Research, Monitoring and Science at HFF

Obviously, HFF does all three of these things, but we strive to do science. This means that our data-collection activities are motivated by a clearly defined problem, which has been broken down into testable hypotheses through knowledge of the literature. Furthermore, data are collected based on these hypotheses and a particular set of statistical methods used to test them.

To illustrate our approach to science at HFF, let’s return to scenario 2 above, the monitoring of dissolved oxygen below Island Park Dam. As I presented this scenario, it constituted monitoring but not research or science. In reality, dissolved oxygen is only one of nine different parameters we are measuring, and the Island Park Dam site is only one of a dozen sites that will comprise a whole network of monitoring stations. The network was designed to address identified problems, for example, previously measured phosphorus concentrations in the Henry’s Fork that exceeded acceptable levels in streams. Specific parameters and sites were selected based on review of site-specific and general literature and on specific hypotheses. An example of one such hypothesis is “delivery of suspended sediment into Island Park Reservoir exceeds export from the reservoir.” Finally, the choice of (very expensive) continuous-recording devices was made only after we understood and selected statistical methods appropriate for testing hypotheses about variation in water-quality parameters across space and time. In other words, our water-quality monitoring program really does constitute science.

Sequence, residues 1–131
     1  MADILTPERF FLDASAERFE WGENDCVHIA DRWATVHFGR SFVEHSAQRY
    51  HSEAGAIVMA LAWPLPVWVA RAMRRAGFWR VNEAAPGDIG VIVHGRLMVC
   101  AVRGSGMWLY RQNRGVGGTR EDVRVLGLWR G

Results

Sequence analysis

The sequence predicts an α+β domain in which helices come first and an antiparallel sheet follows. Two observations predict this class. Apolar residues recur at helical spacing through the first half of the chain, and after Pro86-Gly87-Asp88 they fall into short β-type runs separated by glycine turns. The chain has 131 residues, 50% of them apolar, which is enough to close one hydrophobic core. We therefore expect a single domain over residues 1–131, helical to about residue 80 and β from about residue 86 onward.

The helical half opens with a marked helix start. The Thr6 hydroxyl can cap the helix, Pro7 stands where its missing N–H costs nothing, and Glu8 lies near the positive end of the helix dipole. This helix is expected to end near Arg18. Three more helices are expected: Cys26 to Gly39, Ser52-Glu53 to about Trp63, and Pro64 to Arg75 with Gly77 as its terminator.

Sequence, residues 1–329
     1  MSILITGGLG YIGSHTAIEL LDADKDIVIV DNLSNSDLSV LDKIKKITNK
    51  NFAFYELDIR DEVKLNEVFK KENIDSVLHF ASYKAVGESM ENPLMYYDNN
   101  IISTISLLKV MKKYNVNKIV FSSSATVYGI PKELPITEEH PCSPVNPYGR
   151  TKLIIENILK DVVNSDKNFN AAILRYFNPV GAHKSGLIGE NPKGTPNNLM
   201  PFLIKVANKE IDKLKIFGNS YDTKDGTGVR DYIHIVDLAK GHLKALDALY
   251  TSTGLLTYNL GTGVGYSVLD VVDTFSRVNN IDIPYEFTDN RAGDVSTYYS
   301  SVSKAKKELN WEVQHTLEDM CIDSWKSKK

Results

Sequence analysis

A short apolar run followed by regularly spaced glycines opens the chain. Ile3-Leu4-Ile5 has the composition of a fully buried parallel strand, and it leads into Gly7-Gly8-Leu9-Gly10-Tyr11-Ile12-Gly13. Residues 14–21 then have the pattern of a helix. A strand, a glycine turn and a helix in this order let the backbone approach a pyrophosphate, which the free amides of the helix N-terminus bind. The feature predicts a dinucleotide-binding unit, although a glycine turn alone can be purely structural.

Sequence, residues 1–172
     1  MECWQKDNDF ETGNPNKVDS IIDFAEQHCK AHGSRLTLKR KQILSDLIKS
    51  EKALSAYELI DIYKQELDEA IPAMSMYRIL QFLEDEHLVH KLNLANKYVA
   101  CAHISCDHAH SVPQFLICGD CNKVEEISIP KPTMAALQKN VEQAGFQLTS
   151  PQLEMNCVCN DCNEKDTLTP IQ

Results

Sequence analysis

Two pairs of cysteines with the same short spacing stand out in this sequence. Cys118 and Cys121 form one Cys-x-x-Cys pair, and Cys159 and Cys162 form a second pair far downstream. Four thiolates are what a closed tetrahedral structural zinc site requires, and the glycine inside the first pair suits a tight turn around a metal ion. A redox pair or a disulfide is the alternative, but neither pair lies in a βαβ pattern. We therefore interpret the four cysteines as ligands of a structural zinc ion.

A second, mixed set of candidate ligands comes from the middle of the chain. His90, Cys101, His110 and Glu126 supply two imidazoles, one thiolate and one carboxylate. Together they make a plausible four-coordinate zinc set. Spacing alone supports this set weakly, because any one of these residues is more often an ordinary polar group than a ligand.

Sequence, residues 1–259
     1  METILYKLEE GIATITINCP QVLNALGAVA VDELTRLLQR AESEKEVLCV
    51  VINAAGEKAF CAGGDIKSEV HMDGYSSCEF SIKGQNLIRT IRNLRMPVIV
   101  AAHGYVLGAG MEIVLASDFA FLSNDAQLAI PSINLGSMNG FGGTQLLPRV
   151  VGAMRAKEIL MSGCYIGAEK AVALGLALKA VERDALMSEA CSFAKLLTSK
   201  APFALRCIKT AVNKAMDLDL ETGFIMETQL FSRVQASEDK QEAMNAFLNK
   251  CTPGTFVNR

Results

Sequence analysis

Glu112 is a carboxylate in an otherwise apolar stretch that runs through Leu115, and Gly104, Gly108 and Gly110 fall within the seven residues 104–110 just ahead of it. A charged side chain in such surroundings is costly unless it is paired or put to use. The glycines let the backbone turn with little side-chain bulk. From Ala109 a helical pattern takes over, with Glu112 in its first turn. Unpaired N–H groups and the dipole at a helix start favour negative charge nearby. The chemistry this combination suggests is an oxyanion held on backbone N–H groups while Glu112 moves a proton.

Lastly, we strive not just to do science but also to report it. The first step is to carefully document our methods and results in technical reports. These reports will guide us in formulation of future hypotheses and in designing efficient data-collection activities that balance statistical power to test these hypotheses with cost.

However, no matter how good our science is, it will not contribute to the work of the broader scientific community if it is not published in peer-reviewed outlets. The late Dr. Jack Longwell, co-founder of HFF’s research program and one of my most influential mentors, said at an HFF Board meeting back in the 1990s, “Science isn’t science unless it is published,” and he meant published in a peer-reviewed journal. I obviously remember that to this day and try to live up to Jack’s example and vision. Jack published several hundred peer-reviewed papers in his career. Neither I nor HFF will ever come close to that, but HFF has contributed directly to 29 peer-reviewed papers in its 30-year existence, and we have three more in peer-review right now. That’s not bad for a small non-profit organization, especially given the large amount of time and expertise required to produce papers that can stand up to peer review.

We are committed to expanding HFF’s capacity to publish peer-reviewed science, as evidenced by our current search for a temporary post-graduate research associate in statistical modeling ( But, one reason we are searching for someone with specific expertise in statistics (i.e., the hypothesis-testing aspect of science) to help us catch up on scientific publication is so that the rest of us can remain focused on the day-to-day challenges of maintaining wild trout in a working river. We scientists need to remember that meeting these challenges involves building maintaining relationships with other watershed stakeholders as much as it involves science. HFF will continue to be a leader in both the science and art of watershed conservation.